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From the SCCC Kitchen

Forget the mix; best pancakes are made from scratch

Wednesday, January 30, 2013
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A simple raspberry sauce is set to dress up these buttermilk pancakes.
Photographer: Marc Schultz
A simple raspberry sauce is set to dress up these buttermilk pancakes.

“From the SCCC Kitchen” offers tastes from Schenectady County Community College’s culinary arts program. Today, technical specialist Robert L. Payne II (chef at his family’s The Bears’ Steakhouse in Duanesburg) begins a four-part series on breakfast favorites. First up are Pancakes With Raspberry Sauce.

Robert Payne loves to see people making hot cakes from scratch.

“The biggest thing is, everyone is so afraid to make a homemade batter or a waffle batter,” Payne said. “They get so stuck on convenience of Bisquick and premade pancake mixes. It’s just a few staple items and you should have them. You’ve got your flour, you’ve got your sugar. . . . You don’t have to use buttermilk; you can use regular milk.”

Batter can be mixed ahead of time and stored in the refrigerator for later use.

“A lot of times, when I’m entertaining, I’ll even make pancakes in advance,” Payne said. “I’ll do them on a griddle so they brown up really nice. I’ll put them on a sheet pan on parchment and I just keep them in the oven on warm and they stay so nice.”

Payne has other tips for top cakes. One, the griddle must be very hot.

“And people, you have to brown them on one side,” Payne said. “You just can’t flip them. People play with them, they’ll take a spatula and go this way and go that way. You’ve got to let them cook thoroughly on one side.”

A tip-top cake deserves a terrific topping. Maple syrup isn’t always the first choice.

“I love maple syrup if it’s true, traditional, homemade maple syrup,” Payne said. “I hate the fake stuff. A twist, if you want to do a little healthier — we make a raspberry sauce for the pancakes.”

The sauce is simply made. Raspberries are mixed with sugar. When a liquid forms, the mixture is placed into a sieve lined with cheesecloth and squeezed into a bowl. Honey and fresh mint are other options for sauce additives.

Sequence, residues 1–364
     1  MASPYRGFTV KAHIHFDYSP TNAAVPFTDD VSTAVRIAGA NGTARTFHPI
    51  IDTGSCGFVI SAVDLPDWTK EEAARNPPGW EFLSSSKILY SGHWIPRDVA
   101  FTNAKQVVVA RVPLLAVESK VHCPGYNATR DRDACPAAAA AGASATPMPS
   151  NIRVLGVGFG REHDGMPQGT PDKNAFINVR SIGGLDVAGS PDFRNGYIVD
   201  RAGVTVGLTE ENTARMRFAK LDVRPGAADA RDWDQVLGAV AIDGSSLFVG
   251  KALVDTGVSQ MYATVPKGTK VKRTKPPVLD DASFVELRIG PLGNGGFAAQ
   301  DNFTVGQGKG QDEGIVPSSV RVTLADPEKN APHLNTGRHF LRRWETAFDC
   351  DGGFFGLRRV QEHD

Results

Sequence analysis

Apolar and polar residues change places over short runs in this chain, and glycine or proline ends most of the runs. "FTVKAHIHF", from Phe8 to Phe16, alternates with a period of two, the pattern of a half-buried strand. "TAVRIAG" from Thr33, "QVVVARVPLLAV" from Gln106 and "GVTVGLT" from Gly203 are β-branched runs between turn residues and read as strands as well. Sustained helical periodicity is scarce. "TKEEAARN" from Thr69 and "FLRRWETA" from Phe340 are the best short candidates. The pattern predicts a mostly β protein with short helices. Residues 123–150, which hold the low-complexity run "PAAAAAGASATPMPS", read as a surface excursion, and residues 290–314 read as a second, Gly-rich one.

Some folks prefer fruit or other sweets on the insides of their pancakes. Blueberries and chocolate chips are options.

“We had one student who took raisins and she plumped them up with Marsala wine,” Payne said. “With the Marsala wine and plumped raisins, she sautéed some apples, just some chunks of apples with the Marsala wine. She folded in the plumped raisins and apples — beautiful flavor.”

Pancakes With Raspberry Sauce

2 eggs

11⁄2 tablespoons baking powder

3⁄4 teaspoon salt

2 tablespoons sugar

3 tablespoons melted butter (or vegetable oil)

1 cup milk

1 cup of flour

For raspberry sauce:

1 cup fresh raspberries, washed (or 1 cup frozen raspberries)

1⁄4 cup sugar (more or less, depending on individual taste)

For pancakes, blend the eggs, baking powder, salt and sugar into a smooth batter. Add the butter, milk and flour. Mix briefly into a smooth batter. Pour onto a hot griddle or hot sauté pan. Flip over each cake after the edges form and are golden brown. Finish off in about 1 to 2 minutes.

For sauce, place the raspberries and sugar in a bowl. Rest until a liquid is formed. Put this mixture through a sieve lined with cheesecloth. Squeeze over a bowl until all the juice is extracted.

 
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